Homeless Sierra Leone athlete seeks UK asylum after family killed in Ebola outbreak
Jimmy Thoronka, 20, was arrested last Friday for overstaying his visa. He has lodged an asylum claim with the Home Office.
He was released from custody a day later to find an online appeal supporting his case had been launched by people from across the globe. Within three days, the GoFundMe campaign had raised more than £23,000 ($34,000).
Thoronka arrived in the UK last July to run in the 4 x 100-meter relay in the Commonwealth Games. While competing last summer, Thoronka learned that his entire family had been killed in the Ebola epidemic.
“I want to stay here,” Thoronka told the BBC. “Nobody [would] look after me. No one persecuted me, my problem is I don’t have a family there. The person that would help me has passed [due to] Ebola. If I go back, I would not be able to make it, or I would kill myself because I would not proceed with my dream.”
Help from thousands of people poured in within days. A petition urging the Home Office to “give Jimmy the chance to start a new life and realize his huge potential as a sprinting star” has gathered nearly 60,000 signatories. Another asking for his deportation to be stopped has won 5,000 supporters so far.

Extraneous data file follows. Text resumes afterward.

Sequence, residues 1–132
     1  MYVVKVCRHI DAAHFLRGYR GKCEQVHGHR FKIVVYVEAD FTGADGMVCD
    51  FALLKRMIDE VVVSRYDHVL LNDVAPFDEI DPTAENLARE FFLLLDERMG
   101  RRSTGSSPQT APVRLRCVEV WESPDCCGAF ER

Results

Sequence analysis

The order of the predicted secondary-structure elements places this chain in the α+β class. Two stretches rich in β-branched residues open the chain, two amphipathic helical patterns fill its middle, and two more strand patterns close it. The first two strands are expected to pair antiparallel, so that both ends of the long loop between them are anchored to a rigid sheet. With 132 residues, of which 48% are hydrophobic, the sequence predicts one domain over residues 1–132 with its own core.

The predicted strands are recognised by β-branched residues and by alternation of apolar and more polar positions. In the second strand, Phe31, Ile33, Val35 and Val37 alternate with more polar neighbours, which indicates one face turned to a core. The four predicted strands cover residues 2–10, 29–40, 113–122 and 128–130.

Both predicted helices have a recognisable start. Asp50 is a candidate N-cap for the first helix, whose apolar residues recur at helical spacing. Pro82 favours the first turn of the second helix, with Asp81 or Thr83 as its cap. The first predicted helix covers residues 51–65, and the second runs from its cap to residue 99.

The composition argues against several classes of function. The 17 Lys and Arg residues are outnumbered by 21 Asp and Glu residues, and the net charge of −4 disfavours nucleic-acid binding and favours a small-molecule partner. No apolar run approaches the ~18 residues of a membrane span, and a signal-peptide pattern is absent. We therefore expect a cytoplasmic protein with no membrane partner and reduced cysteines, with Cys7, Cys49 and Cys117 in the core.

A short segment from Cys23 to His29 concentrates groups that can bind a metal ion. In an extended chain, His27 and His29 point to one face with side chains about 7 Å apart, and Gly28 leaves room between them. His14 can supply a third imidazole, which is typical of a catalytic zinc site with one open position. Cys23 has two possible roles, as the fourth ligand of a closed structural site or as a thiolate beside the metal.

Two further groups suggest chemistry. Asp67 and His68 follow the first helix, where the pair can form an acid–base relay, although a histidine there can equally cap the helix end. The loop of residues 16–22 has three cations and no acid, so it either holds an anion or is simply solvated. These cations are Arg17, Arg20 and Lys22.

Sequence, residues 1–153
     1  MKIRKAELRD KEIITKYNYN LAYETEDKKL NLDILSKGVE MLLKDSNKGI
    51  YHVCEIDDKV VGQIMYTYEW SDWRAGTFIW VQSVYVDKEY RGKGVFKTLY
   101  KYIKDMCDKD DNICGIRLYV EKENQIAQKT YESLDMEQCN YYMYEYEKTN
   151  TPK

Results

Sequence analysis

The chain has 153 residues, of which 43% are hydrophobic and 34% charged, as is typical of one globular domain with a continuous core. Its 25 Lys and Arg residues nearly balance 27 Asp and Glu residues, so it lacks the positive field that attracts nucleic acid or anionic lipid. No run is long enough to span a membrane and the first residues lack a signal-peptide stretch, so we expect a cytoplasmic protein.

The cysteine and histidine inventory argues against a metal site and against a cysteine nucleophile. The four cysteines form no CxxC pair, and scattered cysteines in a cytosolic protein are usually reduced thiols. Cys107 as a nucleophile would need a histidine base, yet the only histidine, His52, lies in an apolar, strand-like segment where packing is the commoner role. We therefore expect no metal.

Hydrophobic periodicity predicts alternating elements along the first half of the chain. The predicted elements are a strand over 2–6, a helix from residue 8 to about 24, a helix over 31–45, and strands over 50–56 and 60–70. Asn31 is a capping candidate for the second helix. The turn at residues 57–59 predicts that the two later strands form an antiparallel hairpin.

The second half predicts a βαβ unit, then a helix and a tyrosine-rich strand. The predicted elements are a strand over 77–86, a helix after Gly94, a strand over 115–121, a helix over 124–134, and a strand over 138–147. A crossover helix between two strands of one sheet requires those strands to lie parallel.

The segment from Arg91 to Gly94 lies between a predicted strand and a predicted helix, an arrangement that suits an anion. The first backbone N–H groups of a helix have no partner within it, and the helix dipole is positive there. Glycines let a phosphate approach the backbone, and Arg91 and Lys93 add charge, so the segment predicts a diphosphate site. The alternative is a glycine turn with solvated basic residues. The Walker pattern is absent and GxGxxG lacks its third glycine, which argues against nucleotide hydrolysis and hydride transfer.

“I was hoping to win a medal for my country. But during the Games I got the terrible news that my uncle had died, probably from Ebola,” Thoronka told the Guardian.
“I couldn’t stop crying. It was difficult to continue with competing but I tried to carry on … I wanted to go to London for a while after the Games but my bag with my money and passport in it was stolen at Glasgow station,” he said.
“I was scared to go to the police in case they arrested me and put me in a cell so I begged someone at the station to pay my fare to London and they agreed to do that.”
When he arrived in London, Thoronka had nowhere to stay. He slept in parks and on night buses and begged for money to buy food.
Cambridge University student Richard Dent set up the appeal to help the Sierra Leonean athlete “rebuild his life and career.”
Dent, who has never met Thoronka, told the BBC: “Obviously Jimmy broke his visa which wasn't great. But I believe he did this because he had a genuine fear for his life whilst under incredible stress given the loss of his family to Ebola.
“In my opinion, this is not an issue of supporting deliberate illegal immigration, this is about being humanitarians.”
However, a spokeswoman for the charity Asylum Aid said she was concerned what kind of support Thoronka will receive from the British immigration system.
“The cuts to legal aid have made it a lot more difficult for refugees to get adequate information,” Zoe Gardner told Reuters.
“The system is full of points where people who are more vulnerable can slip through the net and become destitute.”